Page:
The group of 11 Guyanese is completed by economist Gordon Sobha, traveling to the German Democratic Republic; Margaret Bradshaw, 22, the wife of a Guyanese embassy official in Cuba, who had left in her country her first son, born just two months earlier; and nine-year-old Sabrina Harripaul, traveling to Kingston with her aunt and grandmother to catch a flight to Canada on another airline. Five Korean officials who are members of a cultural delegation; four Cubans from the Caribbean Shrimp Fleet, and another Cuban official in transit in Guyana complete the group of 45 passengers Continuing on the flight.

Shortly after 1:15 p.m., with the rain still falling, the plane is ready for re-boarding. The 10-member crew, headed by its captain, Wilfredo Perez; the 45 continuing passengers, the 15 members of the crew on rotation in Barbados; Cubana Airlines representative Abelardo Rodriguez Font and his wife Julia Tornes; and another Cubana official, Jesus Rojo boarded the plane.

At 1:16 p.m., the powerful four-engine aircraft, with 73 persons on board, cruises along the rain-soaked runway, almost three k.meters in length, and takes off with the same precision it demonstrated on landing. The plane gradually ascends and, having gained sufficient height, begins to make a southwest turn, in accordance with the flight plan. From the portholes, the passengers can already contemplate the blue waters of the Caribbean. Pilot Wilfredo Perez communicates to the Seawell control tower in English,that the takeoff has been completed normally and signs off. As is customary, the tower wishes him good luck.

Within a few minutes the plane has already skirted the Barbadian coastline, where it can be seen by tourists in the luxury hotels, while it continues to gain height, now in a northwesterly direction Beyond Paradise beach, to the north of Bridgetown the passengers can make out the coastal area outside the tourist belt, its landscape more modest, more expressive of the colonial legacy and of the urgent need for development, dotted with humble fishing and farming villages. Six minutes after takeoff, the Cubana Airlines DC-8 is already flying at a height of 3000 meters, heading directly for Kingston, its next stopover, according to the flight plan.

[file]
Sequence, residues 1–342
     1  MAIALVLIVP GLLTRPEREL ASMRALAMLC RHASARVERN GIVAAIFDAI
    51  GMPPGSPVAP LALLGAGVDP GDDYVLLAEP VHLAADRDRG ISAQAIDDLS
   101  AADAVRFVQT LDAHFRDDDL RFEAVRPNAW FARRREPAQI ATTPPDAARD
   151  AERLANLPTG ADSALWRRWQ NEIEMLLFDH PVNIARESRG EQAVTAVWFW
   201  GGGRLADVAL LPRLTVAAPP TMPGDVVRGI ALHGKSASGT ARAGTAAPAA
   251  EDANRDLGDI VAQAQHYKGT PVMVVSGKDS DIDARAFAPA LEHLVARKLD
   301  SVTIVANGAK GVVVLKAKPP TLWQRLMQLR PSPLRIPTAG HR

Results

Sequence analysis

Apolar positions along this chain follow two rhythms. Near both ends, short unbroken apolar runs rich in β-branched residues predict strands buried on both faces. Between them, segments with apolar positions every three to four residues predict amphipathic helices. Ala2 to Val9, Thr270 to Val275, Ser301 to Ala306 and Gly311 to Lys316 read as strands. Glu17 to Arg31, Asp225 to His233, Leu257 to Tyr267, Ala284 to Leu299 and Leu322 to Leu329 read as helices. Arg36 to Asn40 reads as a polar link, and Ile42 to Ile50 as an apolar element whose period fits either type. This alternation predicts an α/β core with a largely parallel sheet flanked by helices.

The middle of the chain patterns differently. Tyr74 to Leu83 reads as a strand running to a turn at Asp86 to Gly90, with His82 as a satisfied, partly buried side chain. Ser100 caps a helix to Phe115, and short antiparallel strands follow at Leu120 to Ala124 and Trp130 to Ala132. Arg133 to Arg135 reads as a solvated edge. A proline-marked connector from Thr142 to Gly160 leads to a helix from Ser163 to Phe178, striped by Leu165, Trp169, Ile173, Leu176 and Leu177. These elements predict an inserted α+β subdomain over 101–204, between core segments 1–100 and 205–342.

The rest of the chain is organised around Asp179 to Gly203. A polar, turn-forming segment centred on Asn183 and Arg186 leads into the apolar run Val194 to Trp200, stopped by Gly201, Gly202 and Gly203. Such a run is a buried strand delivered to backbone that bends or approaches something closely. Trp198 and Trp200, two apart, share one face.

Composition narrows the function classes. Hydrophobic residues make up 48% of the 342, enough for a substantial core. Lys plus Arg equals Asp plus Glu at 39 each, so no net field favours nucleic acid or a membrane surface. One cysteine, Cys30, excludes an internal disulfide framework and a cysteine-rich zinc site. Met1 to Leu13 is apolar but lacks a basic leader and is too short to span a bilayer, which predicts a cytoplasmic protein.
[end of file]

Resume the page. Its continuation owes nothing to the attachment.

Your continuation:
One minute later, at 1:23 p.m., the first explosion, which shakes the cabin, is felt on board. The highly skilled crew members react calmly, trying to save the aircraft and the lives of its occupants. In less than one minute, Captain Wilfredo Perez has obtained a report from flight engineer Ernesto Machin on the damaged mechanisms and those which are still functional, and has given the appropriate emergency commands to the rest of the crew. Ferrandi, flight purser, and stewards Magalys, Moraima, Marlen, Silvia and Miriam duly instruct the passengers.

At 1:24 p.m., in a steady voice, as the Seawell control tower recording indicates, Wilfredo Perez notifies that airport in English of the explosion and the fire on board, requesting immediate authorization for landing. Radio contact is maintained for four minutes, during which time the aircraft has made a complete eastward turn, in a fruitless attempt to return. The crew has managed to fly the damaged craft in the direction of Seawell for a further approximately five minutes, when a second powerful nitroglycerin explosion in the aircraft's interior virtually destroys the plane in full flight.